Patrick Hughes on La Brea
The library is an infinite perspective, like the work and the city. Escaperspective is the one promulgated very famously by Valéry (taking up the note from Mallarmé’s “Sea Breeze”) in “The Graveyard by the Sea”, beyond all this (constructs and collects of all and sundry kinds) is the river, or the sea, or the hills.
There is, the book considered infinite as well, Hughes’ own More on Oxymoron (2004), deployed across the board as open pages facing, the sea between. The text is indeterminate (viewed from a distance), the illustrations in black and white convey, for instance, a trick wand.
The magic is a continuing perspective in vertical and horizontal planes, generated by the Agam construction of the surface. A raised vertical angle has representations of Warhol (Elizabeth Taylor, Mao, Marilyn Monroe) painted as diminishing perspectives (to the point), which two eyes convert into the walls of a gallery, the multiple images of his work conveyed as a possession of the eye (Ad Infinitum, 2004). Lichtenstein and Magritte (who has the sign-painter’s hand here) are regaled with similar representations (The Joy of Roy, Magrittes, both 2004).
In Front of the Back (2004) offers folded canvases seen from the stretcher side, in the manner of the book. In Memory of Marcel Marien (2000) is a more complex composition, involving a cube in a corner that is a die, a window, a door, articulated walls.
Observe the progression of the work recently. Skye (2001) is a fine landscape, refined still further in Arcadyllic (2005). Heather and mountains rendered by application of true luster in stereoscopic vision, the eye engaged by the foregrounds, aerial perspective, forced perspective, Escaperspective. A ticklish fountain of painterly problems in backgrounds, reduction of details, while becoming really more accurate, supplemented by visual illusion, resolved.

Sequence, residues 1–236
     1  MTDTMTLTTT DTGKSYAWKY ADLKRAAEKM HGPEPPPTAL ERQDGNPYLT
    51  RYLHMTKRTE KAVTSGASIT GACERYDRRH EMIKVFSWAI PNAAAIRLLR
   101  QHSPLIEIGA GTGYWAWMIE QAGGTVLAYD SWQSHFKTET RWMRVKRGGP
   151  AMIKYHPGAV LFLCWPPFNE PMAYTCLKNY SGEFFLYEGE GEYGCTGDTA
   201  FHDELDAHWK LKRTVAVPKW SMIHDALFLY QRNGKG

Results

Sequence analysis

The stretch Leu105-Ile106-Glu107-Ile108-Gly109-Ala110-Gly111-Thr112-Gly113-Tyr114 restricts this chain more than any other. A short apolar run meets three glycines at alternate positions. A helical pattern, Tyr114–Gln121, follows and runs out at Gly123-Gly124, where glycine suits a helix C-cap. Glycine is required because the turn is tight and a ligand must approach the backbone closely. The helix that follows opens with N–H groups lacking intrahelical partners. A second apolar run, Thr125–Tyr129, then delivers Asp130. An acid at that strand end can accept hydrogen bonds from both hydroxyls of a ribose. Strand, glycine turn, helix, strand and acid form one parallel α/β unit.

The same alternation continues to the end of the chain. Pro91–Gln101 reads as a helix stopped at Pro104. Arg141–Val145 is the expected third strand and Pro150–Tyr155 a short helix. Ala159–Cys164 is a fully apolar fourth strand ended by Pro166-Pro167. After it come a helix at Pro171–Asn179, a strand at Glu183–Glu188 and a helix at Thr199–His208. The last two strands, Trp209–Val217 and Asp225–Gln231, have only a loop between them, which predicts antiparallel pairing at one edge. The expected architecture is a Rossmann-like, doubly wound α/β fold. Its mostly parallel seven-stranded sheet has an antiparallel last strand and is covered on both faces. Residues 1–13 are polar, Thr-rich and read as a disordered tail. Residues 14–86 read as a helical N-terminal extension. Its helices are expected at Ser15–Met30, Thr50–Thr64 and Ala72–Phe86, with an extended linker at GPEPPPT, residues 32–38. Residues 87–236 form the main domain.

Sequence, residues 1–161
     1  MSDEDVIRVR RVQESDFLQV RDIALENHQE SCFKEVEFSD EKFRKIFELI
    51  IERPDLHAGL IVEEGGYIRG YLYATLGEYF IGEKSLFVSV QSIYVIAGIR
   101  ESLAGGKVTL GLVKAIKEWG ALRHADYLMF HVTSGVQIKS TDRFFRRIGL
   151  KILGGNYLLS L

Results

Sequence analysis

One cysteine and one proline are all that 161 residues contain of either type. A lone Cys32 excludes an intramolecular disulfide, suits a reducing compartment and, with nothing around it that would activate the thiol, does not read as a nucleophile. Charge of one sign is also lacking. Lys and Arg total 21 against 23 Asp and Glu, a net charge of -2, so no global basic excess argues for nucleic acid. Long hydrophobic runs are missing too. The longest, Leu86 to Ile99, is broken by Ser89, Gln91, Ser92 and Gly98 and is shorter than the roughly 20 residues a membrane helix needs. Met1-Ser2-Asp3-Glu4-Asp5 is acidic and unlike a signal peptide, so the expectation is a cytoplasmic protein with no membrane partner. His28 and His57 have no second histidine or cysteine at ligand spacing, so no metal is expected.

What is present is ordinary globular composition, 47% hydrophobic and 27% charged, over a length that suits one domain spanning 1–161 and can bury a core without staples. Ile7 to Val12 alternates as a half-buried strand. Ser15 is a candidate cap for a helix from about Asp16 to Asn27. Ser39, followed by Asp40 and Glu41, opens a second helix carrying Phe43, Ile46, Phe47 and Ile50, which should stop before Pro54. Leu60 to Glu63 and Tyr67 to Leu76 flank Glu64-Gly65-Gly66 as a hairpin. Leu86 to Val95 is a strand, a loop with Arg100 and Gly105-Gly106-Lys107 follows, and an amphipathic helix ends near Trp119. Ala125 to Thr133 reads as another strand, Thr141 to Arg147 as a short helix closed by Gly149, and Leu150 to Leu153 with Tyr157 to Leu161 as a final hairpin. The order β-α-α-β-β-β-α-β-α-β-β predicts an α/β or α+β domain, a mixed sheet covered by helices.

These are the articles of thought, rendered as perceptions, given freedom by the mind as the result of the eyes’ deceitfulness brought to bear on a regular application of irregularity oppositely placed by the painter in a row of reversible angles as seaside tents (In Tents, 2005) in various colors, striped, say.
Keller & Greene have The McGuffin (2004) in the front window, skyscrapers side by side (rectangular prisms) with a landscape now visible. Seen from the sidewalk, advancing toward the door, a pleasant appreciation after the closing of Flowers West at Bergamot Station in Santa Monica, where some of the best works of the artist met with little favor, unaccountably, as if the city were a backwater.
Indeed, one small part of the charm of these paintings is a clear, but incidental, style of London appertaining to them. Clear and bright, not exacting or hard, fully realized and yet agreeable to the mind’s eye.